Connecting with Community: Horizon House


Homelessness in Central Indiana is not an invisible issue. But how do we begin to help?

One group offering hope is Horizon House. It's a place where a shelter for a day can lead to stability for a lifetime.

Today is much different for Luwanna Scott than when she first walked into Horizon House 15 years ago. She was homeless and needed help after years of abuse.

"I was at a point where I just gave up," Luwanna Scott said. "I sought help but I began to believe no one really wanted to help me because maybe I wasn't worth it."

But at the check-in desk at Horizon House, Luwanna's life changed when she was offered a coat and a cup of coffee.

"I realized for the first time in 37 years I could not remember anybody asking me what it is that I needed not only that but I didn't have to do anything, I didn't have to appease anybody or degrade myself to receive anything," Scott said.

Executive Director of Horizon House Teresa Wessel says the group provides a safe place for homeless neighbors to begin building their lives.

"The idea is that we want one comprehensive integrated place that individuals can come and take care of all their needs," Wessell said.

Each year nearly 3,400 people are served, but as of this April, Horizon House is already seeing a 7 percent increase compared to last year, including more families and seniors.

"Homelessness is not subject to one class or another, on any given pay period there's at least 10 percent of the Indianapolis workforce that's one paycheck away from the streets," Wessel said.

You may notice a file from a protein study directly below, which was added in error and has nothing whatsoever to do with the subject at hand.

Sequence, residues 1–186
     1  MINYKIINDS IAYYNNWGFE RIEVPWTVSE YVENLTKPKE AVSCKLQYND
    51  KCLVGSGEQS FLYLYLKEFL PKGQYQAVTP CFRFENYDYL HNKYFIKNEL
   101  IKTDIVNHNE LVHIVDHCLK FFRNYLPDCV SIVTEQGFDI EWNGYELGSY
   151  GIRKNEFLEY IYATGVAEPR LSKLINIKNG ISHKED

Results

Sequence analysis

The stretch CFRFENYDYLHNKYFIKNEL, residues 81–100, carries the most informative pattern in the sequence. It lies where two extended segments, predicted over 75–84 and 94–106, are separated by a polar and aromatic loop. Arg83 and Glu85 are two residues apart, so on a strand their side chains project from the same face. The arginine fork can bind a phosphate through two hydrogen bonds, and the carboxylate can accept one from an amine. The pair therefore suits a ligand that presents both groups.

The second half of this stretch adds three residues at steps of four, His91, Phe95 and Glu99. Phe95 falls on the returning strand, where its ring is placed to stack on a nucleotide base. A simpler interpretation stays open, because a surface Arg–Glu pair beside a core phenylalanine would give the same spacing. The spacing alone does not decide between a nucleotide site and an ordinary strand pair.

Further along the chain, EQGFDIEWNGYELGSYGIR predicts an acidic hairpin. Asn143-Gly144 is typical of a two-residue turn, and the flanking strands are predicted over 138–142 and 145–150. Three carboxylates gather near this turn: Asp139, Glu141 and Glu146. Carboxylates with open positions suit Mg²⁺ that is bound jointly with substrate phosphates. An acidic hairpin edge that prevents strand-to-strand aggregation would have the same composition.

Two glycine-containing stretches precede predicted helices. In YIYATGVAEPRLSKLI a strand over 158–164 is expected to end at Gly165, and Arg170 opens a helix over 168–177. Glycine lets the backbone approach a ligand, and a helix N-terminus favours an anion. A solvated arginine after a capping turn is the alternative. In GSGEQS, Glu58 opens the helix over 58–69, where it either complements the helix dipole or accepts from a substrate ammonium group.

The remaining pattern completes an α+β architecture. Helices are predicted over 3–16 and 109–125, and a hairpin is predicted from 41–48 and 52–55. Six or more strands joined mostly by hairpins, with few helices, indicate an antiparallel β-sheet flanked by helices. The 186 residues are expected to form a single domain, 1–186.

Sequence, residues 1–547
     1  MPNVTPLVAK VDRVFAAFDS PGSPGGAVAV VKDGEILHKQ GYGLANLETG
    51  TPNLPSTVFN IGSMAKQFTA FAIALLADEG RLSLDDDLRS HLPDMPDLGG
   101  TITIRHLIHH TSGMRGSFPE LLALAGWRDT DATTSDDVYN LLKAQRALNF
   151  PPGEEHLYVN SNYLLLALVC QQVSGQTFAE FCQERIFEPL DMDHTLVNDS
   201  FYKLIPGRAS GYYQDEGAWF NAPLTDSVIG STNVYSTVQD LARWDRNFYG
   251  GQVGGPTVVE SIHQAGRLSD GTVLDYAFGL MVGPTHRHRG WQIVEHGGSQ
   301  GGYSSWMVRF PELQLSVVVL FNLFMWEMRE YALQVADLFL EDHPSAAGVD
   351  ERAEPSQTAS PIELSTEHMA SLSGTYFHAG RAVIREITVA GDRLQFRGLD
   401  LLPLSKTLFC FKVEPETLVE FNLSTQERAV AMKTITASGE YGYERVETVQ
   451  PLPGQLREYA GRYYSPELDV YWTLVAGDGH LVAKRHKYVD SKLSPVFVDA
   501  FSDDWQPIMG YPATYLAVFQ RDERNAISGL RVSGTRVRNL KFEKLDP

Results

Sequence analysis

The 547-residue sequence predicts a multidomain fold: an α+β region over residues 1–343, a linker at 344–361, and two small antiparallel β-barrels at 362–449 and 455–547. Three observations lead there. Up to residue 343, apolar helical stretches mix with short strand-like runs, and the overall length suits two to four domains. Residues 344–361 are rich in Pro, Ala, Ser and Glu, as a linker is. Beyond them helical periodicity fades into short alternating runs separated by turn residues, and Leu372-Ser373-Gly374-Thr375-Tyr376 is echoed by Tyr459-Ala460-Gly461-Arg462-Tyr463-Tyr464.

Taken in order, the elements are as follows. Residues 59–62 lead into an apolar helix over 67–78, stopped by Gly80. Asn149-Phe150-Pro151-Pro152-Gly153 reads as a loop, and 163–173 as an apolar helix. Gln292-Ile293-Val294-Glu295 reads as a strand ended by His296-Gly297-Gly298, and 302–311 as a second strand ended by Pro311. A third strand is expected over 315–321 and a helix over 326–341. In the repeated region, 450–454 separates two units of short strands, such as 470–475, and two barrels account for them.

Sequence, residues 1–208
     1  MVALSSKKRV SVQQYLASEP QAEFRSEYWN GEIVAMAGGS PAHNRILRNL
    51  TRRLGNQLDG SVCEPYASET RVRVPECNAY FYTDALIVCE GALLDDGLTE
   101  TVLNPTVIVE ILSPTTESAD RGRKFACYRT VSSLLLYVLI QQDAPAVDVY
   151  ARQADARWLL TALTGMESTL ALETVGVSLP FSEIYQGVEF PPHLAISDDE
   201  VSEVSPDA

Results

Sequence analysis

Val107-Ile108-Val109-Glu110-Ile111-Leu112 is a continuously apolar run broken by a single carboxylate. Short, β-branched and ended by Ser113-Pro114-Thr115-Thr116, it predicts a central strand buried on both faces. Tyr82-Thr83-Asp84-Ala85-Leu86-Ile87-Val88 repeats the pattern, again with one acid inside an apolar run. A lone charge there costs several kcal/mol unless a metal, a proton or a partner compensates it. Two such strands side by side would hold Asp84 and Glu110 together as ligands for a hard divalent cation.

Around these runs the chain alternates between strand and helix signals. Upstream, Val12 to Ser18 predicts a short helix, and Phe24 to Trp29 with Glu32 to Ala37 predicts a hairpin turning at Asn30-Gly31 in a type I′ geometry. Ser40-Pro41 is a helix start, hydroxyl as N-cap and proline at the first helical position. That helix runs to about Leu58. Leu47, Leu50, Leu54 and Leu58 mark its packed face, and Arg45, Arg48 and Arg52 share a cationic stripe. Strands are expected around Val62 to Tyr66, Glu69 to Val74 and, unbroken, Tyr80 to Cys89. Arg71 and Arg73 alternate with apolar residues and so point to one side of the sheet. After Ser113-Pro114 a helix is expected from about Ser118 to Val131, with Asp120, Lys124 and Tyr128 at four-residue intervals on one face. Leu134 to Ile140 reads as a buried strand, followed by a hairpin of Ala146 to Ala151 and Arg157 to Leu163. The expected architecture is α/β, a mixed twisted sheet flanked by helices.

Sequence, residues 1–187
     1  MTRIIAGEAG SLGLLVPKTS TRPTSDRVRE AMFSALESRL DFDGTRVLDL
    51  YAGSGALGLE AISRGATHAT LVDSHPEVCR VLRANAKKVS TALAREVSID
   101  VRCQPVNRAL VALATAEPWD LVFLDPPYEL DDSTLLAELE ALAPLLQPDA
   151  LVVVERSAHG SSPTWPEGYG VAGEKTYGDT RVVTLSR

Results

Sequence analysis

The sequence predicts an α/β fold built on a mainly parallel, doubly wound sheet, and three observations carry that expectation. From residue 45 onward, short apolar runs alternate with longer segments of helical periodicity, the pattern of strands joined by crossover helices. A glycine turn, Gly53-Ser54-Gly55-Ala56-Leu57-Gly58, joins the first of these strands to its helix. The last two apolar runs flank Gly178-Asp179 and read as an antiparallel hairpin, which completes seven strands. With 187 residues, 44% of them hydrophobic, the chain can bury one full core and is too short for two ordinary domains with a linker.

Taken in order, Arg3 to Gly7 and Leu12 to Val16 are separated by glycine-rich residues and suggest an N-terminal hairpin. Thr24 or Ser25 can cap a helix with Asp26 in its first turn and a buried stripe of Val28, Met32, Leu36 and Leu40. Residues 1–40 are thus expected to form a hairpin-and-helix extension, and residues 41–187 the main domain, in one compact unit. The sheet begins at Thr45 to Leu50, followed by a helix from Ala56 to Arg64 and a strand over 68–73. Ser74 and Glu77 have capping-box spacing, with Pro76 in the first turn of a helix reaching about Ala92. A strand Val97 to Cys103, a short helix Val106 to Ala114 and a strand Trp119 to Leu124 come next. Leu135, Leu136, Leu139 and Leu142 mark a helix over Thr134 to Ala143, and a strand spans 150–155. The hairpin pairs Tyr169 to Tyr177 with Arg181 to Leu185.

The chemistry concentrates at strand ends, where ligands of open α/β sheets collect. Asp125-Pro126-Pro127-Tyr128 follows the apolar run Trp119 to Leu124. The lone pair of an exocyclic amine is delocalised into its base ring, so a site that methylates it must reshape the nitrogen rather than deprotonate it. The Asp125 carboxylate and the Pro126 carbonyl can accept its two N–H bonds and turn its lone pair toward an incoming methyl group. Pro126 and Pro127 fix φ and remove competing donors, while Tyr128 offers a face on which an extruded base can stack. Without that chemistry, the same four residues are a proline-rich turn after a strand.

At Horizon House, showers, laundry facilities and a place to have mail delivered is available. There is also a long term storage area. Horizon House provides employment help, along with health care thanks to fully staffed medical and mental health services located on-site.

"They can have their meds here, labs here and they see the same doctor, the same nurse, the same psychiatrist," Wessel said.  "So helping them overcome those barriers allows them to start working on the next set of barriers, finding a job and finding a place to live."

Horizon House is trying to change the mindset about homelessness.

"Someone could be going through a life-threatening disease and burn through all of their savings; they could have mental health, they could have addiction issues, they could be fleeing domestic violence. There are so many reasons why someone becomes homeless, so not judging someone and truly just helping," Wessel said.

Luwanna hasn't lost sight of the foundation Horizon House gave her 15 years ago.

She's giving back, as pastor of a church, connecting with the homeless to funnel them to resources like Horizon House.

"I situate myself in places where people are in the streets I was delivered from that they might see me as a visible example of yes I can do that and then I can hold them accountable that yes you can," Scott said.